And furthermore, while I recognize that most good tournaments do take pains to reward people who have read the book in question, practically speaking one is almost always better-served by doing memorization work on several books than reading one, due to the vastness of the higher-level canon. At the last Chicago Open, for example, on what percentage of questions on specific written works was there only one person in a room who had read it, or none at all who had read it? IIRC, in the match between our teams, which wasn't a terribly high-powered literature room but wasn't that shabby either, no one seemed to have read The American, The Devils, or A New Way To Pay Old Debts (or the questions were hard enough such that you and Sorice have read them and still couldn't get them until the last lines). I've read four novels each by James and Dostoevsky, and I would imagine your team might have as well, but that was more or less useless from the game's perspective, not to mention beside the point. I'm not saying that it should or can be any different, but that's the way the game currently works.

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Post by Captain Sinico »

Conversely, I've yet to go to a discussion of literature (or any academic topic, for that matter) that required a 10-page essay. In fact, most of them don't presume familiarity with a given topic.
Taking those as examples, and as someone pursuing advanced degrees, I'll say that your construal of the scholar's task as a focused analysis of a single thing in a single way is impossibly narrow and unrealistic. The simple truth is that even a single-topic, single-method analysis will invariably require an understanding of outside things (hence, some bredth,) even if just to realize a choice among alternatives.
Moreover, in the specific case of literature that you're apparently so fond of, it is the case (as it was the last time this old saw was brought out) that the mere facts of a work of literature (its plot, characters, author, etc.) underpin any more advanced analysis. They are, therefore, perfectly valid clues from any perspective. I don't think they ought to be early clues as they're easier than things like the deep meaning of symbols, but that's another matter.
It would seem to me that, even though it doesn't focus on in-depth analysis of a single object, quizbowl can be a perfectly valid academic activity on a par with many of the things that go on in degree programs.

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Post by grapesmoker »

Mike has already made this point, but I think it bears repeating that you have to know the facts of whatever it is you're analyzing before you can do any kind of serious work with the material. If you are studying a subject, it makes sense that you are going to have not only in-depth knowledge of it but also all the basic facts behind it. So, it stands to reason that someone who has done graduate work in literature and therefore presumably had to read lots of literary works will generally beat someone who just has surface knowledge. Whatever the case, quizbowl is a game with a particular format; it's a game in which there are well-defined right and wrong answers. To compare quizbowl to some other kind of academic activity is to compare very different things. I prefer to consider the game on its own merits.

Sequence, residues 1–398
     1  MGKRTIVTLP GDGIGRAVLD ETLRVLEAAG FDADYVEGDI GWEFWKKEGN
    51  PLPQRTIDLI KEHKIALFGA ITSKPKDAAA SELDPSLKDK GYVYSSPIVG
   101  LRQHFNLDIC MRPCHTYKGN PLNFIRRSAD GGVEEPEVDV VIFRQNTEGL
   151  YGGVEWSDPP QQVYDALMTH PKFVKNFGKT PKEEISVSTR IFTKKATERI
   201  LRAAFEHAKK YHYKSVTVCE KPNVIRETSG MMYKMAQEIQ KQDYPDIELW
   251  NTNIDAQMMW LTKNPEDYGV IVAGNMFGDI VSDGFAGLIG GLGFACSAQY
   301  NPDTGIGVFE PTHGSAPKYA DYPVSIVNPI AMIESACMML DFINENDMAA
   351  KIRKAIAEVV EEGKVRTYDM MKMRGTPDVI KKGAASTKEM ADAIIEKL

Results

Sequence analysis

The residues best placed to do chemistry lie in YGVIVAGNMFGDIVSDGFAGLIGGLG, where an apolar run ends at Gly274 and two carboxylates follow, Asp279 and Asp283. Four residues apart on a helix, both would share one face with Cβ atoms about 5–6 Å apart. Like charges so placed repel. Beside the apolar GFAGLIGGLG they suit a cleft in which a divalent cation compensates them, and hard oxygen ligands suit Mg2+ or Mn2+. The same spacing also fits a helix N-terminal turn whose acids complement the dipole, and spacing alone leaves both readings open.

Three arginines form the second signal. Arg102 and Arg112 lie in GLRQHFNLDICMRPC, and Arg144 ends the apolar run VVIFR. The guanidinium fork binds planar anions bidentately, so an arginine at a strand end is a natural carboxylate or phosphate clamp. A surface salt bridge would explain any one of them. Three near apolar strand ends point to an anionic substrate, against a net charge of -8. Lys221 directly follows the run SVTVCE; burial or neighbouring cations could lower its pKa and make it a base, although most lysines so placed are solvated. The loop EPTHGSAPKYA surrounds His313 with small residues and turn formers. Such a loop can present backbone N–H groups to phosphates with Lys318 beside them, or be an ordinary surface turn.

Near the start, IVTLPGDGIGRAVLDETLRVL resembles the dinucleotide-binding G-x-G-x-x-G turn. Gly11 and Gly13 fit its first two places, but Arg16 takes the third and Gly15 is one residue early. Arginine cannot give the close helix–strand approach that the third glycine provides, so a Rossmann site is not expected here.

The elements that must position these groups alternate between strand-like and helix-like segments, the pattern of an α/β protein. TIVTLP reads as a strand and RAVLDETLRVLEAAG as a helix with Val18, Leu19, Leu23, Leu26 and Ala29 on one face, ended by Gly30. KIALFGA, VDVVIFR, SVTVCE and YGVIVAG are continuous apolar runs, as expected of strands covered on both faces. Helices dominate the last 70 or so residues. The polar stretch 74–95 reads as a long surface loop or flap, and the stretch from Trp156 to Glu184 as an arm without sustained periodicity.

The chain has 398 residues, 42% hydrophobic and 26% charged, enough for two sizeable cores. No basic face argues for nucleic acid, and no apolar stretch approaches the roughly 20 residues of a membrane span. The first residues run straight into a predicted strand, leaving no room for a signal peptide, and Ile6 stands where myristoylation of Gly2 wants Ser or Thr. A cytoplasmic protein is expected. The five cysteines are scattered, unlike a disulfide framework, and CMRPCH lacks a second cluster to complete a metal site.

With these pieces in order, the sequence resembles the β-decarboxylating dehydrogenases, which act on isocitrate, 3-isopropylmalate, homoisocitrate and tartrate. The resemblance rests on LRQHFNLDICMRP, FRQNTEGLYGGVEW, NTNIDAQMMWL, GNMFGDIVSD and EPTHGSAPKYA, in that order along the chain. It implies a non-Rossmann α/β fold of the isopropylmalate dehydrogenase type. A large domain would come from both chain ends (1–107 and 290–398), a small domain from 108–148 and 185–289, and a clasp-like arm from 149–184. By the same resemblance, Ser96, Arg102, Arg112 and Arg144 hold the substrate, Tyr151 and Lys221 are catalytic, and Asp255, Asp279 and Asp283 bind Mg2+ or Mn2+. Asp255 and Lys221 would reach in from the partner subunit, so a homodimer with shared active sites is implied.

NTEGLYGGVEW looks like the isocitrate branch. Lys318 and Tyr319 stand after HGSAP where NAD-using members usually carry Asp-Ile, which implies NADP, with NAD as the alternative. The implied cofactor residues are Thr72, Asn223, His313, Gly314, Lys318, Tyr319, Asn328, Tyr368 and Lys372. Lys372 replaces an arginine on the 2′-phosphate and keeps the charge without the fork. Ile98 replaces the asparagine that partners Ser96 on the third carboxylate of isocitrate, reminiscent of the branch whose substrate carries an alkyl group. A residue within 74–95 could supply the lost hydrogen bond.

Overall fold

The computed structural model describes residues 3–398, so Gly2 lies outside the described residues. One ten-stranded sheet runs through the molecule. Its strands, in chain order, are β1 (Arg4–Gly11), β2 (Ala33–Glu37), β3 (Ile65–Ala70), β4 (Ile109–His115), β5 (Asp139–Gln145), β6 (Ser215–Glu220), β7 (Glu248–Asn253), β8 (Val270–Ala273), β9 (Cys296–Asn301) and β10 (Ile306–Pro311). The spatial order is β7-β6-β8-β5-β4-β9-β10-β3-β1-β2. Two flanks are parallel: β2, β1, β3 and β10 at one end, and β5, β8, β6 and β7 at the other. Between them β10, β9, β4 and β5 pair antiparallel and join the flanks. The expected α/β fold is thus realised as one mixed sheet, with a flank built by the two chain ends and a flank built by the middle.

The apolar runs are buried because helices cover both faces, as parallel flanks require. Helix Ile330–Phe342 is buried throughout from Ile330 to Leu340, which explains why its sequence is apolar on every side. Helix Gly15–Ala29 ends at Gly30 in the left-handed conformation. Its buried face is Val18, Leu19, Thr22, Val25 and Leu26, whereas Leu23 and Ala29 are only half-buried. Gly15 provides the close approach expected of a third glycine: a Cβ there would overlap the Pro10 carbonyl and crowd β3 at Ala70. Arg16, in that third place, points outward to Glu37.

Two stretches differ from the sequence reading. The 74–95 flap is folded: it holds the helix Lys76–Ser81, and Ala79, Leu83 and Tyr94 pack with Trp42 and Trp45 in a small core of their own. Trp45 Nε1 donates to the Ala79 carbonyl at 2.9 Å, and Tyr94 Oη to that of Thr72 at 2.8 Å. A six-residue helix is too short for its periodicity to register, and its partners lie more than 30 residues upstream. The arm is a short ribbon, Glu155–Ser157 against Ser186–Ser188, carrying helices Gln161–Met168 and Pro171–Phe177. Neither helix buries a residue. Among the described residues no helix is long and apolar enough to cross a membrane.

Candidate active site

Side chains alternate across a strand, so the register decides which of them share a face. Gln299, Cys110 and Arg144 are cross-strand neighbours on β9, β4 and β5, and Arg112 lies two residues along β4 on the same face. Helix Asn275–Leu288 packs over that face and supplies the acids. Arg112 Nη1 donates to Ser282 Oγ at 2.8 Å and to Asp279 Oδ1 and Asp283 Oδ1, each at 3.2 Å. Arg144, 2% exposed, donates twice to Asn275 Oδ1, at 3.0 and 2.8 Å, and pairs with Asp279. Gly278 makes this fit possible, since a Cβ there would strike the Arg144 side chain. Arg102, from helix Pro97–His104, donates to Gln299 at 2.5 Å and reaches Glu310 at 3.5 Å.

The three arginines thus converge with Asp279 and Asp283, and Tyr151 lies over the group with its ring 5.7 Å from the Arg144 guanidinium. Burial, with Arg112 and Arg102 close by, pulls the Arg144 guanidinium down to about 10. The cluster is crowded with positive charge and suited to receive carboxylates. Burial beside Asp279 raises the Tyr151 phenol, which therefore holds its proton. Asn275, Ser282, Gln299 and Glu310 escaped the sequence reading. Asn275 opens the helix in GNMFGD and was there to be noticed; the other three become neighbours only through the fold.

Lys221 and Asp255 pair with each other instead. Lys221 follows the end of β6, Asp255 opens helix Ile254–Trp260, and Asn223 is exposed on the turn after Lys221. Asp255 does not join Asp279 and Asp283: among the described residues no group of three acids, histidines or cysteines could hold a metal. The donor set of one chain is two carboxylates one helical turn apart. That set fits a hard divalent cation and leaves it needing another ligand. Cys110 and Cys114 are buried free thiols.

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Post by grapesmoker »

yoda4554 wrote:And furthermore, while I recognize that most good tournaments do take pains to reward people who have read the book in question, practically speaking one is almost always better-served by doing memorization work on several books than reading one, due to the vastness of the higher-level canon.
I forgot to address this, but I don't believe this is the case. Memorizing plot details is hard. Obviously, if you hear enough tossups on a very canonical work you will remember many of the plot elements, but just sitting there and reading Masterplots or whatever is, in my experience, a pretty poor way of picking up points as far as the effort to reward ratio is concerned. Studying plot elements can certainly help you, but unless you've got an amazing memory, you'll still be beaten by someone who has actually read the work.

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Post by Matt Weiner »

yoda4554 wrote:Matt, I have yet to see a tournament with a bonus that read something like, "For 30 points, write a ten-page paper discussing insanity as depicted in The Tin Drum," and I have yet to see a graded English assignment that read "Name ten novels written by Gunter Grass."
I have yet to see a bonus that asks you to simply list Gunter Grass novels, and while I've certainly seen tossups on Grass that are just lists of his titles, the crux of my argument here is that such tossups are considered very poor and are not to be found at good tournaments. The version of good quizbowl that you are using in your comparison is not realistic.
It is quite possible to get 20 or 30 points on a bonus at a very good tournament (even this year's CO), which is supposed to be a sign of superior qb knowledge, on a Gunter Grass bonus without ever having read a single thing by him, and as far as I know that kind of knowledge is useless in any non-qb setting.
But you probably won't get 30. The point is not to construct a bonus such that people with real knowledge get 30 every time and people without it get 0 every time. The point is to make gradations, and I think tournaments such as this past Chicago Open did a pretty good job of keeping first-clue buzzes and 30s in the hands of people with real knowledge and away from people who just know stuff from old packets, while still throwing out 10s and 20s a lot of the time.